Growing up in the ’90s you could definitely consider me a part of the “Pokémon Generation.” Throughout my childhood I played games like Sonic, Zelda, Mario, but the one that seemed to have the biggest impact on me and my friends was Pokémon. We spent countless hours battling, training, trading—but most of all collecting Pokémon.
I confess to still being a fan of the series and continue to play the newest games today (while gleefully passing on “adult” shooter and sports games).
What does this have to do with birds? Well, I only just started birding in July and have been going nearly every weekend, schedule permitting—and one of the first issues I ran into was how do I keep track of all these birds I’m seeing? At first I was using my iPhone and writing the names of the birds down in the notes app, but I soon realized that this is not an ideal way to organize everything.
My next thought went to spreadsheets, “Hey! I can make a list of all the birds in Southern California and mark them off as I go along!” I actually did this for a week or so before a magical piece of information made its way to me via one of the other regular birders at my local bird walk.
There is this wonderful website called eBird.org that is a joint project of The Cornell Lab of Ornithology and the National Audubon Society. It is basically a global online database where people submit sightings of birds they’ve seen, where they’ve seen them, and optionally how many birds they counted of each species. You can also include notes on the birds you see.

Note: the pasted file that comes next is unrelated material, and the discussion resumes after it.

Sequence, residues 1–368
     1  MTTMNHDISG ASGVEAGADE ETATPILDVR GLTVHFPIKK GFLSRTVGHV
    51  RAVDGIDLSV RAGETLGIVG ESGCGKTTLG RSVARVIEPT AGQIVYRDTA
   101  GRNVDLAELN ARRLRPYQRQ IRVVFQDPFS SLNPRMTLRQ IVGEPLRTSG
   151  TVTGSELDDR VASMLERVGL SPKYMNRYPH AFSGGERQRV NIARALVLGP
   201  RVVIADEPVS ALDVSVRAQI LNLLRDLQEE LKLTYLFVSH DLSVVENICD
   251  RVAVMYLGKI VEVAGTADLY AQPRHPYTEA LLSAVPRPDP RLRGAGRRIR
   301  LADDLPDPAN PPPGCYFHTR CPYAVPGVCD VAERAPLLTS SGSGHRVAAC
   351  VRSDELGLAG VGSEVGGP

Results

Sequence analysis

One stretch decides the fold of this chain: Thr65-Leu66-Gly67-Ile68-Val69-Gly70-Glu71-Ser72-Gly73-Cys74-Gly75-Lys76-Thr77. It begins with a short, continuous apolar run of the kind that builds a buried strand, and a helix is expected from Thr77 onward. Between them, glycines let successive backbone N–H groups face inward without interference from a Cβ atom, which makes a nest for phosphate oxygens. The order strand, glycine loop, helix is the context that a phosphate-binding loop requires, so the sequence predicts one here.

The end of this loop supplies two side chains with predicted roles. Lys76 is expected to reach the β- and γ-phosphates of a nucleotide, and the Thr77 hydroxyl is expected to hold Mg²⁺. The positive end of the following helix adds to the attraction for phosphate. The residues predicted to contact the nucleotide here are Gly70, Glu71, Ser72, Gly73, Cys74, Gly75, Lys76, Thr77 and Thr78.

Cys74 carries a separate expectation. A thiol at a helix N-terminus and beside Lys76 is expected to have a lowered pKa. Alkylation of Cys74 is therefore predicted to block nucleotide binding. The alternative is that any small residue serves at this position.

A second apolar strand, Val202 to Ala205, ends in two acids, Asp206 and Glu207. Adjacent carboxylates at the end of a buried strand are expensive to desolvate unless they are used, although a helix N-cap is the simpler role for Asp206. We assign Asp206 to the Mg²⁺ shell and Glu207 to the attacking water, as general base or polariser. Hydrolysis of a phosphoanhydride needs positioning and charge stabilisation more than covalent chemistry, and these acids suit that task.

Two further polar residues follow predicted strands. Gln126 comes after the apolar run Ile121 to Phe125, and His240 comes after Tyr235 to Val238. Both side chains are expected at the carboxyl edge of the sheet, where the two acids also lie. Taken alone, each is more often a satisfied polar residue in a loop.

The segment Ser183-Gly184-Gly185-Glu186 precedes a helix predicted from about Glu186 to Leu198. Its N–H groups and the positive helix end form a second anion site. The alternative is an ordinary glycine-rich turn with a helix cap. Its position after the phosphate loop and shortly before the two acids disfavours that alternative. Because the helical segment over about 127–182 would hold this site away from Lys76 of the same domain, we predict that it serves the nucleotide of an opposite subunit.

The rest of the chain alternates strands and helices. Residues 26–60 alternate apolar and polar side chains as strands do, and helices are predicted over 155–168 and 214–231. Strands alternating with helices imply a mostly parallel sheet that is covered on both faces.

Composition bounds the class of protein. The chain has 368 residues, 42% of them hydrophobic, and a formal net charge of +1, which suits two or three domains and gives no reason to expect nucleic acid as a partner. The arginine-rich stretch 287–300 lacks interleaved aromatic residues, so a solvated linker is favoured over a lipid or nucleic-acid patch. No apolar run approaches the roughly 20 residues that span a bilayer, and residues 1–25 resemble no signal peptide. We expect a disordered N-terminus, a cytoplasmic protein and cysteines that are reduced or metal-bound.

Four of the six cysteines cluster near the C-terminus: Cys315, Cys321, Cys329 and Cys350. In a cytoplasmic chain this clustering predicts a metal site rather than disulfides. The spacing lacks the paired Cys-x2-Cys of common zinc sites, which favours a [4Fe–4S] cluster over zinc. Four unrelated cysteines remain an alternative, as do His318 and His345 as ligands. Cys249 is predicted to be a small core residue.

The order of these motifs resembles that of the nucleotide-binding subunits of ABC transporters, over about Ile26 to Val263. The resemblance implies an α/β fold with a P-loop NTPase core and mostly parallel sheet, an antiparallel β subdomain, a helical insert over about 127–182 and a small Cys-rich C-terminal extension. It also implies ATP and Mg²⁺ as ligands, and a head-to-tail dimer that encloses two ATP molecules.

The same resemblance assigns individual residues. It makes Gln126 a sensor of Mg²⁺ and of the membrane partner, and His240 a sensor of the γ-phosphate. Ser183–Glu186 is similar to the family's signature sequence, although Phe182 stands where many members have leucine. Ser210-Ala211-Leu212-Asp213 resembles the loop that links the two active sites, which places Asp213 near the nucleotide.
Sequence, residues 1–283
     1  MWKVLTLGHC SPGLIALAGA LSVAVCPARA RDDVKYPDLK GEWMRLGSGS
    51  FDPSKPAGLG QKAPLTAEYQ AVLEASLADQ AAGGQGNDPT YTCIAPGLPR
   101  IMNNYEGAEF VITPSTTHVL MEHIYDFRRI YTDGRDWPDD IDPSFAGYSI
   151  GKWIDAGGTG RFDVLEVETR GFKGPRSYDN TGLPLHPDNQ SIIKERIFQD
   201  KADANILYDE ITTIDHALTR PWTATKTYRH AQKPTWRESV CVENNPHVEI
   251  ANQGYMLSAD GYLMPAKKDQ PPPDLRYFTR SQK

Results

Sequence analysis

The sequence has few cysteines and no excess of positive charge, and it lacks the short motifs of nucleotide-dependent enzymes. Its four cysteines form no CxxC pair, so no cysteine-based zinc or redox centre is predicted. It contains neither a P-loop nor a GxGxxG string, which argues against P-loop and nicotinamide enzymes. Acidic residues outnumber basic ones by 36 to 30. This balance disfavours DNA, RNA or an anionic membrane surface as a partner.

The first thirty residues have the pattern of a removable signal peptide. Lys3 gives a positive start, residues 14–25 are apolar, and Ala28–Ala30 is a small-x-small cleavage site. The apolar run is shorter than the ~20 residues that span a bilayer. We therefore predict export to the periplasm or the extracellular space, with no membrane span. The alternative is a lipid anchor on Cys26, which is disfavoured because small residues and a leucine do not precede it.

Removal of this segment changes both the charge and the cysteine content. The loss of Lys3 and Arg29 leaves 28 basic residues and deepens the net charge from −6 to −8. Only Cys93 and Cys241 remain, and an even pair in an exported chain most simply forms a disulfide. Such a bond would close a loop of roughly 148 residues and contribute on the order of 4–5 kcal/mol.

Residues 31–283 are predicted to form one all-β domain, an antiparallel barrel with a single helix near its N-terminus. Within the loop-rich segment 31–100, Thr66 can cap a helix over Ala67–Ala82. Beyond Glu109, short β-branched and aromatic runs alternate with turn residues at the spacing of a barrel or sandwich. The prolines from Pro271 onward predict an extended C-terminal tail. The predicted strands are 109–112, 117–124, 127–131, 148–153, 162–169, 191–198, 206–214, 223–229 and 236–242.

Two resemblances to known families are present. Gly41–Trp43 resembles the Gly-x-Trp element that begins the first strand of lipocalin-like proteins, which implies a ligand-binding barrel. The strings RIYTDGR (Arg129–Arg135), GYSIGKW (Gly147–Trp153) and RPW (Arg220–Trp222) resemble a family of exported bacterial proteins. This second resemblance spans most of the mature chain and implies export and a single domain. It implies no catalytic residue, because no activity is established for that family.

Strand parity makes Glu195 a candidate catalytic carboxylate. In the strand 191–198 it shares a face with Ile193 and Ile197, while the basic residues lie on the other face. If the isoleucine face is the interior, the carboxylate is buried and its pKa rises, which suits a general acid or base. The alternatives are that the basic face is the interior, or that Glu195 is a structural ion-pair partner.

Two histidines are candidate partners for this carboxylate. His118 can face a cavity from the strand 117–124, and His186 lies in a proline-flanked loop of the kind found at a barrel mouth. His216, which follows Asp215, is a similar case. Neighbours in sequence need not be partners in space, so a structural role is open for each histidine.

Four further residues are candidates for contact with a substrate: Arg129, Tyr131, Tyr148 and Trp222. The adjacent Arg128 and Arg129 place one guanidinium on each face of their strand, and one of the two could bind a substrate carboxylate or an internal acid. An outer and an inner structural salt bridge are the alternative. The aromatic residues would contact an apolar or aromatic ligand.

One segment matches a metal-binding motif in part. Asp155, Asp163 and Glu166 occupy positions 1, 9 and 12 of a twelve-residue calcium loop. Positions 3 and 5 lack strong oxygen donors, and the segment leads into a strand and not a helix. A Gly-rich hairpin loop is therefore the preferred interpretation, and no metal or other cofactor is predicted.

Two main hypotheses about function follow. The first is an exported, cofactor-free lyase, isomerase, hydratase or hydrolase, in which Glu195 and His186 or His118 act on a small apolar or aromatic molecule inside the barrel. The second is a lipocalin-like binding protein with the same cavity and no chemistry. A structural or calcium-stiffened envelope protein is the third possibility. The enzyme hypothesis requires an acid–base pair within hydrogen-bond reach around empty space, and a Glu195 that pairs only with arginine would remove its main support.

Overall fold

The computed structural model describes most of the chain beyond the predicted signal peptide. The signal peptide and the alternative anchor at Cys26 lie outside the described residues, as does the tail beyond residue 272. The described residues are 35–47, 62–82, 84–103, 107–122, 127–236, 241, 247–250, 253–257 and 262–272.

By keeping a running total of all of the birds I’ve seen and a collection of bird photos that I’ve taken it has turned the activity of bird watching into game for me. eBird keeps a “Life List” of all of the birds you’ve seen and submitted, as well as dividing it up into monthly and yearly lists. I am able to collaborate on lists with friends, they can add birds I may have missed reporting. The website offers mapping features that show you popular birding spots anywhere in the world, as well as recent rare bird sightings and you can watch see where in the world reports are being submitted in real-time.
BirdLog (iOS) $9.99
Technology has made recording and submitting eBird reports even easier with the use of iOS and Android eBird apps. I use BirdLog (the app recommended by Cornell) to count and submit my reports. The app pulls your current location and estimates your time spent birding. It has a quick interface to record birds and notes, and at the end of your trip you can easily publish your sightings.
Seeing my total count of birds rise on eBird fuels my excitement to get out there and see new birds, in the same way that the Pokédex encouraged you to “catch ’em all.”. I could easily see someone create an iPhone app to turn bird watching into even more of a game, rewarding you with badges or achievements for seeing a certain number of species in a day, counting a lot of birds, seeing rare birds, or traveling long distances on a birding trip. The possibilities are endless.
Since I began birding in June I’ve seen 121 species of birds. Let’s see if I can double that number by the end of 2014.
How many are on your life list?